Recent Russian attacks on Ukraine’s energy infrastructure have led to concerns that the country could see homes go unheated this winter.
Much of Europe has long been hoping that the coming winter will be mild, given the huge rise in energy prices since Russia began its invasion of Ukraine on February 24.
While gas prices this week fell to their lowest levels in several months, to around 150 euros per megawatt hour (MWh), the current price is double what it was on the day before Russia launched its invasion.
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But with Europe’s gas storage facilities – essential for any extra winter demand – now, according to the European Commission, 90 per cent full, the prospect of the EU struggling to keep the lights and heating on this winter is receding.
Energy may cost more than in previous years, but supplies should in most cases be uninterrupted. Nevertheless, The Economist this week warned Europe against complacency, saying that gas storage is not enough to replace lost Russian inflows. “If these fall to zero, normal energy consumption would leave storage perilously low by March,” it believes.
Ukraine halts energy exports
Following this week’s Russian attacks on civil infrastructure, which have targeted energy installations in particular, there is little complacency in Ukraine. There are now real concerns that homes could go unheated, and that electricity supplies could be patchy.
On Tuesday, Ukrainian Energy Minister Herman Halushchenko said that 30 per cent of the country’s energy facilities had been damaged in the previous 48 hours.
Halushchenko said that attacks were “the biggest of the war” and carried out “on the entire chain in order to make switching supply as difficult as possible.”
While underlining that the energy system was “still stable”, he confirmed that Ukraine would halt the export of energy, and joined calls for Kyiv’s Western allies to provide “air protection systems which really could help us to protect our infrastructure”.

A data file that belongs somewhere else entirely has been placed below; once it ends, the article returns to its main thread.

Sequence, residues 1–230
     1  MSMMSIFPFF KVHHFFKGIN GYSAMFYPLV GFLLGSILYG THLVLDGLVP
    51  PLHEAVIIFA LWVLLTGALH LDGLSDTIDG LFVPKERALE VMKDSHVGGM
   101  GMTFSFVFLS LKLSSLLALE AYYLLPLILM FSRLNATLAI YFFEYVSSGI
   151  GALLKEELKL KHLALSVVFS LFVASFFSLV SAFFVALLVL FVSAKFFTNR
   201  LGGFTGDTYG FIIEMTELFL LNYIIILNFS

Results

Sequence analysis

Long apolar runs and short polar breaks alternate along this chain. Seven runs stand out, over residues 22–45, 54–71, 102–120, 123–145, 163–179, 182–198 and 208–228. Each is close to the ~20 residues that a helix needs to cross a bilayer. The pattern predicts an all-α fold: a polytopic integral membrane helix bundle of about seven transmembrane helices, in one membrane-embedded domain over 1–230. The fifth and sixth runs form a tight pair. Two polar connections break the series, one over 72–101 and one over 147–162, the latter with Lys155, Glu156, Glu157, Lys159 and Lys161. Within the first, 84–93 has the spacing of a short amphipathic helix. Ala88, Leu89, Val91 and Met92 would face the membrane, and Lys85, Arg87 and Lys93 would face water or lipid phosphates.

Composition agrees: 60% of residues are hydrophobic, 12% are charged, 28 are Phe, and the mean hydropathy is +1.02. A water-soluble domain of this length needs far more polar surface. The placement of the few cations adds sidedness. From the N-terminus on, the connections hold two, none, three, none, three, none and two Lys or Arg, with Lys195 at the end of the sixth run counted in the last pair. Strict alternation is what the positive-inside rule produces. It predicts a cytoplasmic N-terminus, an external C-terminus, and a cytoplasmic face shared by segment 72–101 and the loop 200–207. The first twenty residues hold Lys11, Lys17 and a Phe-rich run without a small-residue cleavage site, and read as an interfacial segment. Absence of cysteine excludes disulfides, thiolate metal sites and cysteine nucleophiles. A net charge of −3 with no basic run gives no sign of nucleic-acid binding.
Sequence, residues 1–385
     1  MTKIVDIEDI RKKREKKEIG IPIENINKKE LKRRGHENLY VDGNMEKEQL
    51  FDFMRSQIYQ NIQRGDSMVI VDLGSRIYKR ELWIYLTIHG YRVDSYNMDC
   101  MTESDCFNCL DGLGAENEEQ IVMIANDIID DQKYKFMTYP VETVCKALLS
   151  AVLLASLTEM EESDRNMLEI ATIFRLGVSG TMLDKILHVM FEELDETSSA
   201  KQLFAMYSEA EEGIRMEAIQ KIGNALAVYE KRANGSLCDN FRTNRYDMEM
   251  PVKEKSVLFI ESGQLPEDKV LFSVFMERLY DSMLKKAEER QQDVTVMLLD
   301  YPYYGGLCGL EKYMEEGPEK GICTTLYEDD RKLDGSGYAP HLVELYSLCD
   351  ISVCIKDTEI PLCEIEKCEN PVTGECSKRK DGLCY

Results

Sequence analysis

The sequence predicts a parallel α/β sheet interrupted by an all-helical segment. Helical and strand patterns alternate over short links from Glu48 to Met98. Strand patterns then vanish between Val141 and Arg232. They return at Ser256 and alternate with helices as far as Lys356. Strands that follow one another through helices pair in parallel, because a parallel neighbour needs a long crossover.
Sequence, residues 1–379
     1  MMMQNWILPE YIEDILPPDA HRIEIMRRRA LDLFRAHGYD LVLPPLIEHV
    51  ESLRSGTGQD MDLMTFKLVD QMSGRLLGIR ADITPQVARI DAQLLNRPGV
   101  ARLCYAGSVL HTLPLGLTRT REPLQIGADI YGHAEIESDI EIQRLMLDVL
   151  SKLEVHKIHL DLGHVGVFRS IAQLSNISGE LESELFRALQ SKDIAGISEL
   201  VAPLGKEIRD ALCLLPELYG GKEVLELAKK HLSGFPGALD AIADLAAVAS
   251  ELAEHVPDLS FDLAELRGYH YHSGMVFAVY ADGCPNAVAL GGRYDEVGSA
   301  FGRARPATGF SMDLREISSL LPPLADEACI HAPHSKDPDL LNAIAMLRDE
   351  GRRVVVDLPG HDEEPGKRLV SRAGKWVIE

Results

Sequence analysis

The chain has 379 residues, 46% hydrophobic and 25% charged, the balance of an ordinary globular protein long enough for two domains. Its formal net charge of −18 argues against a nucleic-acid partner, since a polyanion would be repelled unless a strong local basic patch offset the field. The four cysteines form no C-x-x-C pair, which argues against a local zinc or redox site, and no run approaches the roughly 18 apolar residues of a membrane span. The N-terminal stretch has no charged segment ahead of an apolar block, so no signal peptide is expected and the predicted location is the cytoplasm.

According to Maxim Timchenko, CEO of DTEK, Ukraine’s largest private energy firm, whose Kyiv offices were themselves impacted by missile strikes this week, the country’s problem is not currently energy generation, but distribution.
“As of today we have enough capacity, the problem is how to bring it from one region to another,” he says, adding that he cannot therefore exclude the possibility that Ukraine will need to import electricity from the European Union.
“Russia has deliberately targeted substations in order to interrupt supply. Losing on the battlefield, Russia has switched to attacking civilian infrastructure, trying to ensure that Ukrainians cannot live in normal conditions.”
Timchenko, who says he has helped Ukraine’s military identify key strategic facilities that require the most protection from air defence, says that what Ukraine’s energy system needs now is transmission equipment to replace what has been destroyed, such as transformers and switch gears.
“We are getting a lot of equipment through our arrangement with the European Energy Community, but it is mainly power supply equipment. What is missing is equipment for high voltage power stations,” he says, appealing to partners to offer any assistance they can, “such as equipment from decommissioned power stations.”
Ever since he began his war in February, Putin has repeatedly told Europe that it would “freeze” without Russian gas; an attempt to divide the EU and turn public opinion against support for Ukraine’s struggle. He failed.
He now appears to be attempting to do the same with Ukraine itself. He will again fail.
“[Russia] wants panic and chaos, it wants to destroy our energy system,” Ukraine’s President Volodymyr Zelensky said on Wednesday. “But while there may be temporary power outages now, but there will never be an interruption in our confidence – our confidence in victory.”
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